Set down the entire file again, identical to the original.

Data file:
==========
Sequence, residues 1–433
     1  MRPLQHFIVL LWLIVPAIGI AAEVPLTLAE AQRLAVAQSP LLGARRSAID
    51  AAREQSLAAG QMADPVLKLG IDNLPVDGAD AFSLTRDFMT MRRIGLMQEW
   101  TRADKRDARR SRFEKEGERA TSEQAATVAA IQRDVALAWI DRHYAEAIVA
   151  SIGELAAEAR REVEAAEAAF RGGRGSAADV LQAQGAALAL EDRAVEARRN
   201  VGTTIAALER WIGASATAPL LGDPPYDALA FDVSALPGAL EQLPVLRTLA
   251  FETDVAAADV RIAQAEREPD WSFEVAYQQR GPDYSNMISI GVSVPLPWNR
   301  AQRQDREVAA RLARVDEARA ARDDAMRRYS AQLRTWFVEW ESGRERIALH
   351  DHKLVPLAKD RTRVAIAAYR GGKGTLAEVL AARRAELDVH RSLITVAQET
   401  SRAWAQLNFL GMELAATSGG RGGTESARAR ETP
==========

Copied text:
Sequence, residues 1–433
     1  MRPLQHFIVL LWLIVPAIGI AAEVPLTLAE AQRLAVAQSP LLGARRSAID
    51  AAREQSLAAG QMADPVLKLG IDNLPVDGAD AFSLTRDFMT MRRIGLMQEW
   101  TRADKRDARR SRFEKEGERA TSEQAATVAA IQRDVALAWI DRHYAEAIVA
   151  SIGELAAEAR REVEAAEAAF RGGRGSAADV LQAQGAALAL EDRAVEARRN
   201  VGTTIAALER WIGASATAPL LGDPPYDALA FDVSALPGAL EQLPVLRTLA
   251  FETDVAAADV RIAQAEREPD WSFEVAYQQR GPDYSNMISI GVSVPLPWNR
   301  AQRQDREVAA RLARVDEARA ARDDAMRRYS AQLRTWFVEW ESGRERIALH
   351  DHKLVPLAKD RTRVAIAAYR GGKGTLAEVL AARRAELDVH RSLITVAQET
   401  SRAWAQLNFL GMELAATSGG RGGTESARAR ETP